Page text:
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Kindle Fire HDX Teardown

By - Source: Tom's Hardware US | B 15 comments

Peering into the depths of the Kindle Fire HDX.

Introduced at the end of last month, the brand new Kindle Fire HDX is available in two sizes: 7 inches and 8.9 inches. Both of these sport storage capacities of 16 GB, 32 GB and 64 GB, and the teardown team at iFixit just tore into the 16 GB 7-inch model. iFixit reports that this Kindle scored the lowest of any Kindle ever on its repairability scale.

 

What did they find inside (once they finally managed to get in)? A Snapdragon 800 SoC with a quad-core CPU clocked to 2.2 GHz, 2 GB of Samsung K3QF2F200B LPDDR3 SDRAM, 16 GB of Toshiba THGMAG7A2JBAIR eMMC NAND Flash, a Synaptics S7301B Touchscreen Controller, a Qualcomm WCD9320 Audio Codec, a Qualcomm PM8941 Power Management IC, and a Summit Microelectronics SMB349 Lithium-Ion/Lithium-Polymer Battery Charger.

As far as getting inside the tablet is concerned, iFixit mentioned powerful adhesive gluing down the battery, while the LCD and digitizer cables are trapped between the LCD and mid frame (which meant removing the mid frame from the display assembly). Both of these factors contributed to the pathetic 3/10 the Kindle Fire HDX scored on the repairability scale.

Click through to iFixit for the full teardown!

Follow Jane McEntegart @JaneMcEntegart. Follow us @tomshardware, on Facebook and on Google+.

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  • 1 Hide
    ubercake , October 16, 2013 5:42 AM
    This is a pretty powerful hardware configuration for a tablet.

    Regarding the 3/10 repairability rating... I don't know how many people buy a tablet and think they're going to repair it. I've had my Acer A500 for 3.5 years. It's been dropped in addition to normal wear and it's still plugging away like day one. If it breaks, I'll probably be on amazon buying one of these Kindles. Amazon has great customer service and I'm sure they'd honor their warranty no problem.
  • -2 Hide
    Grandmastersexsay , October 16, 2013 5:59 AM
    Quote:
    This is a pretty powerful hardware configuration for a tablet.

    Regarding the 3/10 repairability rating... I don't know how many people buy a tablet and think they're going to repair it. I've had my Acer A500 for 3.5 years. It's been dropped in addition to normal wear and it's still plugging away like day one. If it breaks, I'll probably be on amazon buying one of these Kindles. Amazon has great customer service and I'm sure they'd honor their warranty no problem.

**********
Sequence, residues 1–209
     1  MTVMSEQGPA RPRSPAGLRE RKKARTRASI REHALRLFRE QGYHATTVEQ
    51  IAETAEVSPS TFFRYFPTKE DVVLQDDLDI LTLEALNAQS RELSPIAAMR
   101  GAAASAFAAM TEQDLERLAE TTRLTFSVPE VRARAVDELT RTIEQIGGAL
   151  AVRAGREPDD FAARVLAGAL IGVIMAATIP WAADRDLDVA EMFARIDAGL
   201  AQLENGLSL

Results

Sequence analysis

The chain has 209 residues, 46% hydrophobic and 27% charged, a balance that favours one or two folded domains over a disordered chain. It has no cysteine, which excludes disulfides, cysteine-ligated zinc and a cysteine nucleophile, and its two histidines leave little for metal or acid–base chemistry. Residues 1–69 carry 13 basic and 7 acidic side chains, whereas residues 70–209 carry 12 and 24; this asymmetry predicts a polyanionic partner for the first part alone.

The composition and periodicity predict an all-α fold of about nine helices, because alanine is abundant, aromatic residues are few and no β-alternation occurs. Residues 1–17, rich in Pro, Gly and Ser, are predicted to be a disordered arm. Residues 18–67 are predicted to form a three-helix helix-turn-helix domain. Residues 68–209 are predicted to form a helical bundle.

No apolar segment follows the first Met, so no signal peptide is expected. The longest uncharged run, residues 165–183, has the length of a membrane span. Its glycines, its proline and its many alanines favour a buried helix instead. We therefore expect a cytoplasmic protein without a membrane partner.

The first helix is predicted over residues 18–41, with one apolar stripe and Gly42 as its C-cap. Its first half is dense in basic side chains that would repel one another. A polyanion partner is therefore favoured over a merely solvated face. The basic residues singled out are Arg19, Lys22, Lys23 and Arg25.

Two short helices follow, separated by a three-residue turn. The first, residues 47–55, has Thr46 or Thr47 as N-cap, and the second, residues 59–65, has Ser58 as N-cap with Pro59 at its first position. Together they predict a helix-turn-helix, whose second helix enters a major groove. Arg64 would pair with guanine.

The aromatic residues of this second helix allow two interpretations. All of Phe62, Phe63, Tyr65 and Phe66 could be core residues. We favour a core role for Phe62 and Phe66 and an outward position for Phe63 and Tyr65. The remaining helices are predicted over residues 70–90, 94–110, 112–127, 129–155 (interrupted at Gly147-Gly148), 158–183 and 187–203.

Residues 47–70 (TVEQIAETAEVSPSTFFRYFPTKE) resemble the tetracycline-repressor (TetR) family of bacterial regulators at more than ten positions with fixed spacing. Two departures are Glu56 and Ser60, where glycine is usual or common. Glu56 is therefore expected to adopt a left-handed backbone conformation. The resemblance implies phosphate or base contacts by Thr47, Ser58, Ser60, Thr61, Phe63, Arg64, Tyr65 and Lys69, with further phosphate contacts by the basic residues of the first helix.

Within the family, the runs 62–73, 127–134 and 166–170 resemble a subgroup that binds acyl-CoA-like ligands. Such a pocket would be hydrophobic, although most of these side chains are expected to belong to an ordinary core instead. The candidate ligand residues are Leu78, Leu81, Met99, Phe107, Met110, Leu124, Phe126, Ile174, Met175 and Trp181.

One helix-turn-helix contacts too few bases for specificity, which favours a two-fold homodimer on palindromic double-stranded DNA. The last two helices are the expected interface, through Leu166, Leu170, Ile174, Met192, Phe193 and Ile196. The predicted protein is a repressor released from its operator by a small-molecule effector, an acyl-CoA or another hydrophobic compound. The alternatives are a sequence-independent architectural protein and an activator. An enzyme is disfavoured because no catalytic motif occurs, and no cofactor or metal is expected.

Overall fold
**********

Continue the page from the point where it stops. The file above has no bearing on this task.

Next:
You shouldn't support products that are so locked down that you can't even change the battery.
  • -1 Hide
    stevejnb , October 16, 2013 6:04 AM
    Quote:
    Quote:
    This is a pretty powerful hardware configuration for a tablet.

    Regarding the 3/10 repairability rating... I don't know how many people buy a tablet and think they're going to repair it. I've had my Acer A500 for 3.5 years. It's been dropped in addition to normal wear and it's still plugging away like day one. If it breaks, I'll probably be on amazon buying one of these Kindles. Amazon has great customer service and I'm sure they'd honor their warranty no problem.


    You shouldn't support products that are so locked down that you can't even change the battery.


    Why not? You can make a catchall of "You shouldn't support products that do X" for just about anything. End result? None of us would support anything, since I bet you'd be hard pressed to name a product that doesn't do *something* undesirable.

    This thing looks like a good little unit. Support it if you like, but know what you're getting into.
  • 1 Hide
    teh_chem , October 16, 2013 6:13 AM
    I agree, I've never once torn down a tablet to repair it; these ratings are meaningless to me. I'm more concerned with whether the tablet is going to break in the first place, and the quality of components used.
  • -1 Hide
    Grandmastersexsay , October 16, 2013 6:22 AM
    Quote:
    Quote:
    Quote:
    This is a pretty powerful hardware configuration for a tablet.

    Regarding the 3/10 repairability rating... I don't know how many people buy a tablet and think they're going to repair it. I've had my Acer A500 for 3.5 years. It's been dropped in addition to normal wear and it's still plugging away like day one. If it breaks, I'll probably be on amazon buying one of these Kindles. Amazon has great customer service and I'm sure they'd honor their warranty no problem.


    You shouldn't support products that are so locked down that you can't even change the battery.


    Why not? You can make a catchall of "You shouldn't support products that do X" for just about anything. End result? None of us would support anything, since I bet you'd be hard pressed to name a product that doesn't do *something* undesirable.

    This thing looks like a good little unit. Support it if you like, but know what you're getting into.


    No, you can shape the matket by supporting products that have the features you want available. If no one bought cell phones without SD card slots, all cell phones would have SD card slots. Companies like google wouldn't be able to shove cloud computing down our throats.

    Spend a few extra bucks on products that don't support the throw away life style, or atleast support it less than their competitors, and you will help improve the consumer market. People SHOULD value repairability. It is ok to value cost more than repairability, but that is not what is going on. It cost Amazon more to glue that battery down than leaving it loose and connected by a flexible lead. They are hoping you will simply get a new kindle when your battery dies. Apple does the same thing. Don't support that business model. You're an ass hole if you do. You don't just affect the consumer market for yourself. You affect it for the rest of us too.